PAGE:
Belfast landlords must give out-of-hours contact for anti-social behaviour, judge rules

Police on patrol in the Holyland area of Belfast.

Private landlords in Belfast are lawfully required to provide an emergency out-of-hours contact number for dealing with anti-social behaviour, the High Court has ruled.

A judge rejected claims they have been unreasonably put on call round-the-clock due to the new condition introduced by Belfast City Council as part of efforts to tackle nuisance residents in shared rental accommodation.

Citing the well-publicised problems in areas such as the Holyland, Mr Justice Scoffield held that the authority was seeking to utilise any influence agents have over students or other types of tenants.

He said: “There may be less of an element of bravado involved in dealing with the landlord than there may be dealing with police or council officers, for a variety of reasons.”

The condition was challenged by the Landlords Association for Northern Ireland (LANI).

Proceedings centred on the council’s decision in December 2020 to amend the terms of licences for Houses in Multiple Occupancy (HMOs).

Private landlords and management agents must now provide an out-of-hours contact number for all their properties shared by at least three people from different households in the Belfast area.

The court heard regular disturbances in the Holyland area, heavily populated by students, was one "lightning rod" associated with the step taken.

Lawyers for LANI argued that it has placed landlords on call “24/7, 365 days a year”.

They claim it is an impracticable obligation for members with up to 100 tenants on their books, and that failure to comply could lead to prosecution or being taken off the HMO licence register.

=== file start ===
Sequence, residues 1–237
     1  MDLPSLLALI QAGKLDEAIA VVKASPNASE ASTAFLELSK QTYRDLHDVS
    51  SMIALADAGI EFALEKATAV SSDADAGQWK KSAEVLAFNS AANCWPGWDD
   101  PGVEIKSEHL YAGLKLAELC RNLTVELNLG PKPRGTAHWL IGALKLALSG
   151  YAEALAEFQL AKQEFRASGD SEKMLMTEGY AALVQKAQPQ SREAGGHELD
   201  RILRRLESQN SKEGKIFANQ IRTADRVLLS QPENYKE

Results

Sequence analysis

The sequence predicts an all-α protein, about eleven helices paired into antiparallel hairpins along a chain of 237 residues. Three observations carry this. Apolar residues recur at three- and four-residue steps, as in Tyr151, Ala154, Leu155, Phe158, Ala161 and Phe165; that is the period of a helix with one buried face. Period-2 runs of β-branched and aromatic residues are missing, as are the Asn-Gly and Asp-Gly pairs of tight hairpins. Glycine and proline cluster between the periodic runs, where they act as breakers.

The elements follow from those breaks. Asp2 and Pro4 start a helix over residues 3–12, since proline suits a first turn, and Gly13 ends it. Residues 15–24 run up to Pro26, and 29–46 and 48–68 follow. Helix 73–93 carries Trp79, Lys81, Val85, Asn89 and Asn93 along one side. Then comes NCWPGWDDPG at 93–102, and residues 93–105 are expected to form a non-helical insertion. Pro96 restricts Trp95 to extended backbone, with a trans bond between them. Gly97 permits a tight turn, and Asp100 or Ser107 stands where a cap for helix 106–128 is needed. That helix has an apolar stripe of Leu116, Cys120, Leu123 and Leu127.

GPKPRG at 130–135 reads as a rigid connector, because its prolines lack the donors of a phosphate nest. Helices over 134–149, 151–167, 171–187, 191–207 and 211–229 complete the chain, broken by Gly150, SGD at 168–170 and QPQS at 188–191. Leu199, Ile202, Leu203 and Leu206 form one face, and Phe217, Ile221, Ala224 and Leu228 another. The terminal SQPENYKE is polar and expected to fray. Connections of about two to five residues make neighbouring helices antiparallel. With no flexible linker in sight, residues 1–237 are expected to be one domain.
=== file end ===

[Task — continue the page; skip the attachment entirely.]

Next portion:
It was further contended that landlords contacted in the middle of the night would be able to do nothing more than could be achieved during office hours.

But according to Mr Justice Scoffield there is no expectation of action being taken in the middle of the night to terminate leases or serve notices to quit.

Instead, he said, the council is seeking to “leverage” any available influence over nuisance residents.

“A landlord, or agent who manages the property, may have an ongoing and/or personal relationship with the tenants (and/or, in the case of student tenants, their parents) which might make the tenants more amenable to persuasion to moderate their behaviour at the landlord or agent’s behest,” the judge stated.

“In some cases, the intervention of the landlord may be effective when engagement with council or police officers has not been.”

Dismissing LANI’s application for judicial review, he confirmed: “Requiring a landlord or agent to be available to engage in an emergency situation to discuss what assistance, if any, they are willing and able to give does not appear to me to be ultra vires the Council’s powers.”

Recently, the Communities Minister Deirdre Hargey announced that a new Intervention Officer would be appointed in the area to help deal with anti-social behaviour.

Communities Minister Deirdre Hargey met with residents Brid Ruddy and Catriona Goldhammers to announce the new investment. Credit: Department for Communities

A new alleyway improvement scheme has also been launched to provide better security for residents in the area.